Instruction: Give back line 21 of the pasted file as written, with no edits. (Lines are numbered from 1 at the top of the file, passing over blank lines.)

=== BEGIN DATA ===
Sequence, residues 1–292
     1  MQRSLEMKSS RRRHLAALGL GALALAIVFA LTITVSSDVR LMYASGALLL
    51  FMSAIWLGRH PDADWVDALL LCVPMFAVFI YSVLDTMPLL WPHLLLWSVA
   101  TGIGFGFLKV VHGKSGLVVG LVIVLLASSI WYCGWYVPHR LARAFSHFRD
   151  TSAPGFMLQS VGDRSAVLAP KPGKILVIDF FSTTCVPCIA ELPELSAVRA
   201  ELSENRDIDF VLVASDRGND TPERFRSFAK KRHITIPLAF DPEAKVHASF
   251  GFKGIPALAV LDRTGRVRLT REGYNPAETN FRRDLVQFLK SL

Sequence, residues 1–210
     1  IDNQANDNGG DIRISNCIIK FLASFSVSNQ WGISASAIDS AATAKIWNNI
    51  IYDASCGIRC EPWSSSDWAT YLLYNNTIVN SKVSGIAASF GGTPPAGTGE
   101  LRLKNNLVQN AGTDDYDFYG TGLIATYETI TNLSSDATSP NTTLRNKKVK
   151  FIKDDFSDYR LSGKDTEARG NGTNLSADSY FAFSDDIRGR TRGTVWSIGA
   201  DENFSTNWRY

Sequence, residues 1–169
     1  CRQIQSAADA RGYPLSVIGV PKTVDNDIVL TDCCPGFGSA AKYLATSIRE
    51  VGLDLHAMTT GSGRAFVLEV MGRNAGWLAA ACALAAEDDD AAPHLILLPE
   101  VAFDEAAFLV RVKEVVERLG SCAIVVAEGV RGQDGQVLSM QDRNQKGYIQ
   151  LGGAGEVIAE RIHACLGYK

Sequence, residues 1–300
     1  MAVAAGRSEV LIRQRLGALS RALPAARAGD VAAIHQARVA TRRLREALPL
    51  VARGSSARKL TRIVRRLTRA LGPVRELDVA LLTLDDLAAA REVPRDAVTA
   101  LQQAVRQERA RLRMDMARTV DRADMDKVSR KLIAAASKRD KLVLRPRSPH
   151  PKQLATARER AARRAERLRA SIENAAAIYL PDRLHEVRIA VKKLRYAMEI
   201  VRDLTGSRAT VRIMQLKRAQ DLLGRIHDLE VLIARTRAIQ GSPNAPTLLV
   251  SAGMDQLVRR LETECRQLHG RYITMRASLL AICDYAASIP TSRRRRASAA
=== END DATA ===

    51  VARGSSARKL TRIVRRLTRA LGPVRELDVA LLTLDDLAAA REVPRDAVTA